Steve Gergley ~ New House

My wife and I bought a house, an old Dutch colo­nial with a hand­ful of dormer win­dows and a stur­dy gam­brel roof. These were words I had nev­er heard before and didn’t know the mean­ing of, despite spend­ing the last thir­teen years of my life rat­tling down the street in the cab of a garbage truck while sim­i­lar look­ing hous­es loomed above me in the frozen, bluish-black gloom of the ear­ly, upstate New York morn­ing. My wife, Krista, already knew all these archi­tec­ture vocab­u­lary words thanks to the numer­ous col­lege degrees she had acquired over the course of our twen­ty-five-year rela­tion­ship that began when her My Little Pony eras­er bounced under my desk on the sec­ond day of home­room in fifth grade. Krista has degrees in art his­to­ry, inter­pre­tive dance, exer­cise sci­ence, archi­tec­tur­al his­to­ry, cin­e­matog­ra­phy, and a few oth­ers. For years she had told me learn­ing was her great­est pas­sion in life, but two weeks ago, a few min­utes after we made love for the final time in our old, dis­gust­ing, card­board box of an apart­ment, she admit­ted she had lied to me for the past twen­ty-five years, and her true pas­sion in life is wast­ing her stock­bro­ker dad’s mon­ey by acquir­ing var­i­ous col­lege degrees and ignor­ing them com­plete­ly. Despite feel­ing used and angry and sad and betrayed, I told her it was okay. I told her I under­stood. I told her I wasn’t mad about her twen­ty-five years of lying. What else could I do? I’d still be liv­ing at home with Mom and Dad if Krista’s eras­er had bounced the oth­er direc­tion and end­ed up under­neath Andy Carr’s desk instead of mine. But now that me and Krista have bor­rowed more of her dad’s mon­ey to buy this par­a­lyz­ing­ly expen­sive house togeth­er, I won­der what else she’s hid­ing from me in her sud­den­ly exot­ic and unknow­able insides.

Mom always says that no mat­ter how much time you spend with some­one, you can nev­er tru­ly know who they are. Mom also pass­es her days stum­bling from room to room of my child­hood house, dodg­ing Dad’s watch­ful gaze, and steal­ing gulps from the bot­tles of brown Listerine she hides in the linen clos­et and the pas­ta cab­i­net and behind the wash­ing machine. Despite all that, I’m pret­ty sure she’s right about the secret nature of the self. Because as much as I love Krista, her inter­pre­tive dances, and her many use­less degrees, I can’t deny that my true pas­sions in life have recent­ly changed as well. In descend­ing order of impor­tance, they used to be Krista, the buf­fa­lo wings from The Luna Café, and watch­ing the Rangers game in my reclin­er with a twelve pack of Corona at my feet, but now my true pas­sion in life is our real-estate agent, Astrid, the breath­tak­ing woman who intro­duced me to all those mys­te­ri­ous archi­tec­tur­al words I had nev­er heard before.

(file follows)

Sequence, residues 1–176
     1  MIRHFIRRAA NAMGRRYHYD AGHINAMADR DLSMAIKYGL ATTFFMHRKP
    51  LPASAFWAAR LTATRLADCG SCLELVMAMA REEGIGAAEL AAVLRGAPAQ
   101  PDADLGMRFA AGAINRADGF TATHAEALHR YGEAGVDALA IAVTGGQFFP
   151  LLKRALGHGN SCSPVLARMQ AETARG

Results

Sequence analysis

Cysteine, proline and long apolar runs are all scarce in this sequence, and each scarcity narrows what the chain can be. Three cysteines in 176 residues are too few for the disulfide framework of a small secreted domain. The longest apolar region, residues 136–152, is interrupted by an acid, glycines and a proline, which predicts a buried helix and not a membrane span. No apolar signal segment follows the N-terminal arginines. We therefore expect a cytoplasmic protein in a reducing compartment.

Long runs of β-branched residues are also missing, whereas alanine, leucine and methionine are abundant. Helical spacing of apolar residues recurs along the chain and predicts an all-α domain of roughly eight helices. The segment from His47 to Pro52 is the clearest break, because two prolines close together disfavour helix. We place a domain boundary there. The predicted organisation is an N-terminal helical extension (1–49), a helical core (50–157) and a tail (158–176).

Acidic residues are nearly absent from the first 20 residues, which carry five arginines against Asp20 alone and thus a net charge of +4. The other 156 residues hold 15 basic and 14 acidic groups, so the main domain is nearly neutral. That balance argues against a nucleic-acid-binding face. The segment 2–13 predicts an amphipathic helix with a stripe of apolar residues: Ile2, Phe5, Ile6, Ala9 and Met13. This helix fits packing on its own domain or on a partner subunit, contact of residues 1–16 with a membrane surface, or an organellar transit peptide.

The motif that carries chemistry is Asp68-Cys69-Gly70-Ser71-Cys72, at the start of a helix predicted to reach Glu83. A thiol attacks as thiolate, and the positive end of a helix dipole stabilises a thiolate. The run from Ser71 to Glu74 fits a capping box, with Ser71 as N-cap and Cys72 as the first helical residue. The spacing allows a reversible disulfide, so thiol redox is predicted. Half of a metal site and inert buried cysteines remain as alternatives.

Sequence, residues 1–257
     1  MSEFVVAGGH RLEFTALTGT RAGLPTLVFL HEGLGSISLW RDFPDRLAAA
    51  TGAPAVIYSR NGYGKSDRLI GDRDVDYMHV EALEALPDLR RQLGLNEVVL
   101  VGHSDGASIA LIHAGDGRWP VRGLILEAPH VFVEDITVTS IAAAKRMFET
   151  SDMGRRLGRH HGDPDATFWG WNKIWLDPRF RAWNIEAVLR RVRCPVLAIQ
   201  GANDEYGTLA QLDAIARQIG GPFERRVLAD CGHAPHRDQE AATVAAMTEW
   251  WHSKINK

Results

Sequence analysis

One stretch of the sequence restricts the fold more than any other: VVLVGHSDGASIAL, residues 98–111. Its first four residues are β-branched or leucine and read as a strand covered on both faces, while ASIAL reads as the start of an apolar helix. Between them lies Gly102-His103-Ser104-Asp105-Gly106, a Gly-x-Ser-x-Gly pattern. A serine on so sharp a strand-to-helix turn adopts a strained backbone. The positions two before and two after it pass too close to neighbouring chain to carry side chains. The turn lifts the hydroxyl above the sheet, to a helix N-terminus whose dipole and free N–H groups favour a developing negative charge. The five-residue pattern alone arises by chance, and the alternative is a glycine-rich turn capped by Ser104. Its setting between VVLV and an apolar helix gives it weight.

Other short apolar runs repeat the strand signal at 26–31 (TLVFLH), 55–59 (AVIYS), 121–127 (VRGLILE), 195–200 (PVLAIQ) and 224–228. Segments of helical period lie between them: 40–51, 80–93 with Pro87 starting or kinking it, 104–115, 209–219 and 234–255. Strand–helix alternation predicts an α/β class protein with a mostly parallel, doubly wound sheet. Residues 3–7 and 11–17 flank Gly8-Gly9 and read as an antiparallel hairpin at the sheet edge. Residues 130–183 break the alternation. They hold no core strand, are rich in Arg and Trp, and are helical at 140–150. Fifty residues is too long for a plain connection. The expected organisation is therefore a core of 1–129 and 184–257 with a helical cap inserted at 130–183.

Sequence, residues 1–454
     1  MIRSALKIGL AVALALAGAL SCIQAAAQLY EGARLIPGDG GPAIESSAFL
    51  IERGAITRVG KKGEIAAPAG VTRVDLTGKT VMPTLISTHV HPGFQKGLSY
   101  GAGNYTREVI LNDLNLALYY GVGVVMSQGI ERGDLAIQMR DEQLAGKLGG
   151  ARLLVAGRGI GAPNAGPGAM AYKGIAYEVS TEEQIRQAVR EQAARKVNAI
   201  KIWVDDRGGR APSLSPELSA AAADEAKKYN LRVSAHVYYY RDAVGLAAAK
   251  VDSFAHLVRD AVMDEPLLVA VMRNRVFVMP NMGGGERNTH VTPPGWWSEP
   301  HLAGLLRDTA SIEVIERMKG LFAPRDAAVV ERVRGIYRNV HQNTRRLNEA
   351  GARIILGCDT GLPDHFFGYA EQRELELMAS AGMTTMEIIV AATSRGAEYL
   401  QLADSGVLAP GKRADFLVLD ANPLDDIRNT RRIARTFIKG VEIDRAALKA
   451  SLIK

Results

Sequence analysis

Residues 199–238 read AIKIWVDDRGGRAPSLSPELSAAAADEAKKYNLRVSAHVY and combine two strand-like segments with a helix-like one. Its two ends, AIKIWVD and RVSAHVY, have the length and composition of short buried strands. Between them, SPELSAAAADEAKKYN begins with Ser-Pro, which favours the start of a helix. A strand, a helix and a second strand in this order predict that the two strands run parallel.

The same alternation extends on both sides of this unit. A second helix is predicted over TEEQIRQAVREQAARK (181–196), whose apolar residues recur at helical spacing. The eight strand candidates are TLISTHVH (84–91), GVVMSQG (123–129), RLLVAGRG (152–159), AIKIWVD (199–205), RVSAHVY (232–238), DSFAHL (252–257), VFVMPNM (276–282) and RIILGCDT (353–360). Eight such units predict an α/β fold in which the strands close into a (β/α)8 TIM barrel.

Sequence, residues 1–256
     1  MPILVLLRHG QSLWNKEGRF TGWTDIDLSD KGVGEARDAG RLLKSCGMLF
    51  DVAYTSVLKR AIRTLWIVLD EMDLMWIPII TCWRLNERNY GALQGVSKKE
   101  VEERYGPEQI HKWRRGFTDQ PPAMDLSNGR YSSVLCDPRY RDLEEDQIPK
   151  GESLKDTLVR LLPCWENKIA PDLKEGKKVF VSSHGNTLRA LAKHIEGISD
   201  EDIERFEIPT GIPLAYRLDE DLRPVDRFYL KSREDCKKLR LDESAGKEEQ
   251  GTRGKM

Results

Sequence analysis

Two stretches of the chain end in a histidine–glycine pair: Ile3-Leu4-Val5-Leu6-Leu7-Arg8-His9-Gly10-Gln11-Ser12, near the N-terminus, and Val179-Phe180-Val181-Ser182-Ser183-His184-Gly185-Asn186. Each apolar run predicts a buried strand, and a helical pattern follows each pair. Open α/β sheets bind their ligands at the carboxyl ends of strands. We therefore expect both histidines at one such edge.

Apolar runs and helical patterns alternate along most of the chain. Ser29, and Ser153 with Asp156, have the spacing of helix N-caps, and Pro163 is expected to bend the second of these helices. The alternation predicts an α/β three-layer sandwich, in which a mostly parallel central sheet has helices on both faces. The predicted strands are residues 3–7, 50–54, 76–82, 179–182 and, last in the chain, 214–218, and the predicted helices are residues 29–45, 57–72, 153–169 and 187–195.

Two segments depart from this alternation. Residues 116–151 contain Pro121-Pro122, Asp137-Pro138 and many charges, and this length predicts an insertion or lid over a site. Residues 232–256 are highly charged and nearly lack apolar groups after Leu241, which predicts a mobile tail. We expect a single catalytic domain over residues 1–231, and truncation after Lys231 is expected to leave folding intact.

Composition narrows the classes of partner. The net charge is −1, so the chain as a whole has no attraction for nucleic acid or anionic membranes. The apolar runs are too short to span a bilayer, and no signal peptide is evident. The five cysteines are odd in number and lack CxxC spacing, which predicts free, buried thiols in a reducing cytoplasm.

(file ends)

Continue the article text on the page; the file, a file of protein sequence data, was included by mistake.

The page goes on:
Astrid is a six-foot Norwegian beau­ty with an intox­i­cat­ing accent, a sharp bob of plat­inum hair, and a half-inch gap between her two front teeth. Each time she led me and Krista on a walk­through of a prospec­tive house, her words inject­ed into my mind the image of a jagged out­crop of black, vol­canic rock squat­ting in the mid­dle of a Nordic snow­field. I don’t know why, but this image, paired with the sound of her voice, always wiped away all the anger and depres­sion I felt that day, and swad­dled me in a won­der­ful feel­ing of calm and relaxation.

Because of these emo­tions, I called Astrid on the phone almost every day of the five months me and Krista searched for a house. But ever since me and Krista made the down pay­ment and moved into the new place, things have changed. I still call Astrid every day with some pho­ny ques­tion or con­cern, but now I have to hide in the linen clos­et or the laun­dry room when­ev­er I talk to her, because the sound of her voice gives me an erec­tion. Once the call ends, I get a nice lit­tle buzz going by guz­zling some of my green Listerine I have hid­den there, and then I bite down on my thick leather wal­let and mas­tur­bate into a bath tow­el. Though I know Krista could catch me at any moment, I can’t stop. Astrid is the only thing left in my life that is beau­ti­ful and sacred and exciting.

I haven’t told Krista about this new awak­en­ing in me. Instead, each time we make love, I close my eyes and imag­ine the sounds Astrid would make in the throes of an orgasm as pow­er­ful as my tow­el-bound ejac­u­la­tions. I imag­ine her whis­per­ing strange, ice-crust­ed words into my ear. I imag­ine her breath­less voice huff­ing alien excla­ma­tions in her native tongue. I imag­ine her repeat­ing the words gam­brel roof, gam­brel roof, gam­brel roof, as if it was a mag­ic spell that could trans­port me away from here, and res­cue me from my life.


Steve Gergley is the author of QUICK PRIMER ON WALLOWING IN DESPAIR: STORIES (LEFTOVER Books ’22). His fic­tion has appeared or is forth­com­ing in Atticus Review, Cleaver Magazine, Hobart, Pithead Chapel, Maudlin House, and oth­ers. In addi­tion to writ­ing fic­tion, he has com­posed and record­ed five albums of orig­i­nal music. He tweets @GergleySteve. His fic­tion can be found at: